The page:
Editor’s note: this article was originally published on the blog, Old School Script. We have taken over its archives and are slowly republishing pieces that have continuing relevance and value. This article was originally published in February, 2015. We continue to appreciate Kris Lyle’s willingness to share his earlier writings with our readers here at Koine-Greek.com, even the ones that end up in our Hebrew Corner.
Biblical scholars have always been in a difficult place. Trying to interpret the message of ancient people through ancient writings. So many disciplines must be incorporated and roles played to accomplish this task.
Fill in the blank…
Eclecticism is the name of the game. And what a difficult game it is. To grapple responsibly with so many different disciplines, all the while determining the appropriate level of expertise or detail with which it is necessary to interact with the field can be an incredibly daunting task. And honestly, I think a good many biblical scholars do a da[r]n good job juggling a handful of these roles at the same time.
If this wasn’t hard enough, a new role has come on the scene over the past several decades: the Linguist. Now biblical scholars are faced with several choices: to entertain this guest, to walk-away or dive in.
But what a role this is.
You would think it’d be easy to be a linguist—we use language everyday, almost as an afterthought. But when confronted with questions like how can “tip” mean the compensation paid a server AND the pointy part of the end of an object, things might get hairy (or what about, how come I can say, “I need three pieces of wood” but not “I need three woods”?).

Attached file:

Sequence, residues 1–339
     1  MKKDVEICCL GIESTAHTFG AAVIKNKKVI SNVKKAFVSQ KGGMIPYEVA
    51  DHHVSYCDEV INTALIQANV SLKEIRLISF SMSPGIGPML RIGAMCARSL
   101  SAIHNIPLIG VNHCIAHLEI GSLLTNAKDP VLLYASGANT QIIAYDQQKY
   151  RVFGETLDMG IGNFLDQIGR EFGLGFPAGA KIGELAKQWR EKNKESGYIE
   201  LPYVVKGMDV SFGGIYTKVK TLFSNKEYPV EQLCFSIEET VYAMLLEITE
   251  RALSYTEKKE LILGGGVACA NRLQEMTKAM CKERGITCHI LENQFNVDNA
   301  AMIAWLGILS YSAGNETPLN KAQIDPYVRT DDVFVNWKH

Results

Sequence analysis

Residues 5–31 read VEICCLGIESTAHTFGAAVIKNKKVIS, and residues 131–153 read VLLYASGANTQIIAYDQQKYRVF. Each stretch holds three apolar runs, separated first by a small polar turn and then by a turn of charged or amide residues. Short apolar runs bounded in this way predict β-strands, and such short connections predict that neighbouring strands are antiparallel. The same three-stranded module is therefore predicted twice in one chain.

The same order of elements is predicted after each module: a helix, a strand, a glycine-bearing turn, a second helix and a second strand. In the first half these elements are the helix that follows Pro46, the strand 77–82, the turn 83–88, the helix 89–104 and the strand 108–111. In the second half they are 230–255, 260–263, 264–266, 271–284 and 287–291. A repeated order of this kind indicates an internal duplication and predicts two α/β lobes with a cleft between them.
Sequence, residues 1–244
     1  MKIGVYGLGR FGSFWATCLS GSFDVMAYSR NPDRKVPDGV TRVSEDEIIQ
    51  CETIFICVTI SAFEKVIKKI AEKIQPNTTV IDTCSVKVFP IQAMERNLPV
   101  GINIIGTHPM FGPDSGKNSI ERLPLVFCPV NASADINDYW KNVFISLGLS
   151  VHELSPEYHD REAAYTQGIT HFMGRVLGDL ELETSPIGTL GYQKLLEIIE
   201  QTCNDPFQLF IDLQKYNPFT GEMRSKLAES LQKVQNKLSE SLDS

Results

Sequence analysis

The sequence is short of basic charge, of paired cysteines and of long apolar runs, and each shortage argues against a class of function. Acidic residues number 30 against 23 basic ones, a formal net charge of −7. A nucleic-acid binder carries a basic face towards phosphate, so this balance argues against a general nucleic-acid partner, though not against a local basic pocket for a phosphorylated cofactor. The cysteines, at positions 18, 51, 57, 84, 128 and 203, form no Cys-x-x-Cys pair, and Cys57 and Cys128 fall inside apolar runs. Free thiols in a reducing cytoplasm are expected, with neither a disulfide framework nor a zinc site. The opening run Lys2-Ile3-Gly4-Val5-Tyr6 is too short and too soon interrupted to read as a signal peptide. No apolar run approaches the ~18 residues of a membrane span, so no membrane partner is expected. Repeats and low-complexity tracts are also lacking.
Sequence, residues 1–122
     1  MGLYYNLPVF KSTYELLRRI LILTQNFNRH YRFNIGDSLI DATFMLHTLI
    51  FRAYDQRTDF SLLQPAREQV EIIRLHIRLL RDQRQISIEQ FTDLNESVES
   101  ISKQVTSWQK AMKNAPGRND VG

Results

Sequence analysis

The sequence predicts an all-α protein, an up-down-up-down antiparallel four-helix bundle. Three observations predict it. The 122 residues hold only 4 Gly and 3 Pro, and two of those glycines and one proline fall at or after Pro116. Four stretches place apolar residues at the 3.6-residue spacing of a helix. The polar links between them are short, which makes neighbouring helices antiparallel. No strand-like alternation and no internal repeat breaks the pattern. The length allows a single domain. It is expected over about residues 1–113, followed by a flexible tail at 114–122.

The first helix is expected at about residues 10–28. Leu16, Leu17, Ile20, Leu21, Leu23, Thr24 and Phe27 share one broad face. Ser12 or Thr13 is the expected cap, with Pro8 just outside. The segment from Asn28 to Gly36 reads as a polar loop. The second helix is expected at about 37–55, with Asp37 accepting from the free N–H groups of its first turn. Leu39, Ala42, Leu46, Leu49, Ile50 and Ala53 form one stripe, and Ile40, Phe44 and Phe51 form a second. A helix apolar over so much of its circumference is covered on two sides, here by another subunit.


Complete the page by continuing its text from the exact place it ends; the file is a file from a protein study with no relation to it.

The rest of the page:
The fact of the matter is, language is complicated, and so is trying to understand how it works—which is the goal of linguistics. This field is a whole other discipline, removed as far as chemistry is from economics as it is from biblical studies.
Yet nonetheless, some biblical scholars forge ahead into this unknown territory.
The reasons may be numerous, but I’m sure one of the main contenders is the conviction that linguistics—in some form or another— can enhance their exegetical skills, allowing for a more attuned interpretation of the Bible. At least, that was me five years ago, and to an extent still is. But there is a danger with this approach, which is the same for any other cross-pollination of disciplines: the scholar is not fully invested in the discipline they’re trying to exploit. In short, it becomes too easy to wade in only as far as necessary to glean some insight before returning to the shoreline. But what has truly been gleaned? It’s too easy to think one is doing good linguistic work, when really, if a “real linguist” poked their head in, they may wrinkle their brows—or worse….